Settled in the 1790’s, Dunbar was incorporated in 1883. Originally called Frogtown, the name was changed to Dunbar City and finally Dunbar, but no one seems to remember when this happened.
The town was named for Colonel Thomas Dunbar, who was in charge of the 48th Regiment of Foot during the undeclared French and Indian War. Along with General Edward Braddock, Dunbar came to America in 1755 to help regain Fort Duquesne. His camp was located at present day Jumonville.
It was toward the end of these turbulent times that Isaac Meason started his Union Furnace #1 circa 1793. This marked the beginnings of what would become Dunbar’s lifeblood over the next century or so. Drawn to Dunbar by the prospect of work, the fabric of the community was and still is an ethnic-rich and financially diverse town.
As the iron was moved from the furnace to the creek near the former Bowest Railroad yard, Connellsville Street became the main road through town. It was along this road that many of Dunbar’s businesses sprang up. The remaining buildings stand as a testament to a more prosperous time.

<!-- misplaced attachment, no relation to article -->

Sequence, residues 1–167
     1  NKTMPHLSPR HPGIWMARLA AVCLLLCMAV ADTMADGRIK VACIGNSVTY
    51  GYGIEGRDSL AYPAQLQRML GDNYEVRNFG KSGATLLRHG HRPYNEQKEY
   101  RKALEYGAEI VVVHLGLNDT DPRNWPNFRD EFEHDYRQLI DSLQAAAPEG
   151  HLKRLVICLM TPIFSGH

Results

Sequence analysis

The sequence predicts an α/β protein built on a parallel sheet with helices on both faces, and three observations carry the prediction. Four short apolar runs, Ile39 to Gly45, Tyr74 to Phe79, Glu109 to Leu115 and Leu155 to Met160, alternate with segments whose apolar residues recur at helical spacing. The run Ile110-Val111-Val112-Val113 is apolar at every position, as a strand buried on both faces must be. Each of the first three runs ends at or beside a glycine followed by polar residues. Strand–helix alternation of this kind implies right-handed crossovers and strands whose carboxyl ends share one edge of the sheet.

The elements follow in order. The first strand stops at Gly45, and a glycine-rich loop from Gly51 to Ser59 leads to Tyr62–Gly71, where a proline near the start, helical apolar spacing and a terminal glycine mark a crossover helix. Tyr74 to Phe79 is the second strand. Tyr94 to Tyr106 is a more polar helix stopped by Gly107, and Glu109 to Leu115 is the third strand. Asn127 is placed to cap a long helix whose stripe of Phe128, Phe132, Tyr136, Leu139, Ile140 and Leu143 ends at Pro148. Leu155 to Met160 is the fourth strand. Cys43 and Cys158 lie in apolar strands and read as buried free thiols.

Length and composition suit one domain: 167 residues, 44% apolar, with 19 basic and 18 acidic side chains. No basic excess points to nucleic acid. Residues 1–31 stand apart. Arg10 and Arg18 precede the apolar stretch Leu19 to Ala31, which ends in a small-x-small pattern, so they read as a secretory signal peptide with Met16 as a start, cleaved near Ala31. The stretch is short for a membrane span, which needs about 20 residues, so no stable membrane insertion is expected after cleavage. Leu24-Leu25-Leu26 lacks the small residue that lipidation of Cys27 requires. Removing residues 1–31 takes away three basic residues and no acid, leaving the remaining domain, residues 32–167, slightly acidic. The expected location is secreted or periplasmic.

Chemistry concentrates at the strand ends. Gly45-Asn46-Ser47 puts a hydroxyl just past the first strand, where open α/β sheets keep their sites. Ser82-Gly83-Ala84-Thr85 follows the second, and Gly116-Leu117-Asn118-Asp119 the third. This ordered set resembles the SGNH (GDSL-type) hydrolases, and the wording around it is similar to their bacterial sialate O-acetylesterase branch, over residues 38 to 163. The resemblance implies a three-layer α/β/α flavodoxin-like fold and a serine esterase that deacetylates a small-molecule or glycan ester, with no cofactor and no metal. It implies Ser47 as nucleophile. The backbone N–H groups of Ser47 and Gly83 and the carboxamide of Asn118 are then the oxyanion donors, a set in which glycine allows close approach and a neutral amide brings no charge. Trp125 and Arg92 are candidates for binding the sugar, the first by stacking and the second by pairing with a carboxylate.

Dunbar was once a rich industrial area which at one time had five banks operating at the same time. The area has been home to a wealth of industry from its earliest days. Between the time of Meason’s first iron furnace through the 1950s, Dunbar has been home to the following industries: Dunbar Furnace, Semet-Solvay By-Products plant, the Pennsylvania Wire Glass Company, Bluestone quarry, sand plant, brickworks, ice plant, woolen mill, Bowest rail yards and several mines and coke oven sites including: Hill Farm, Ferguson, Atlas, Mahoning, Watt and Uniondale. Several of these oven sites still exist.
A quote from Dunbar: the Furnace Town book sums up the significance of the Dunbar industry as it relates to the Pittsburgh area. "For years, Dunbar's iron industry must have been an amazement to Pittsburgh industrialists. Here, iron was made with coke on a continuous basis since 1854. Pittsburgh did not have a successful iron furnace until 1859; for they had no local iron and they encountered problems with their large capacity furnace, which Dunbar had seemingly solved."
Dunbar, as part of the Connellsville Coke Region which extended from Latrobe to south of Fairchance, was vital to the development of steel in Pittsburgh. In addition, at the height of the coke era in 1899, there were over 19,900 coke ovens in Fayette County. All but fifty of these ovens were the beehive type coke oven. Those other fifty were the Semet-Solvay byproduct ovens located in Dunbar. These byproduct ovens were the first ones in the United States!
The below sign for Dunbar Pennsylvania was created by the partnership between the Dunbar Historical Society & The Fayette County Cultural Trust.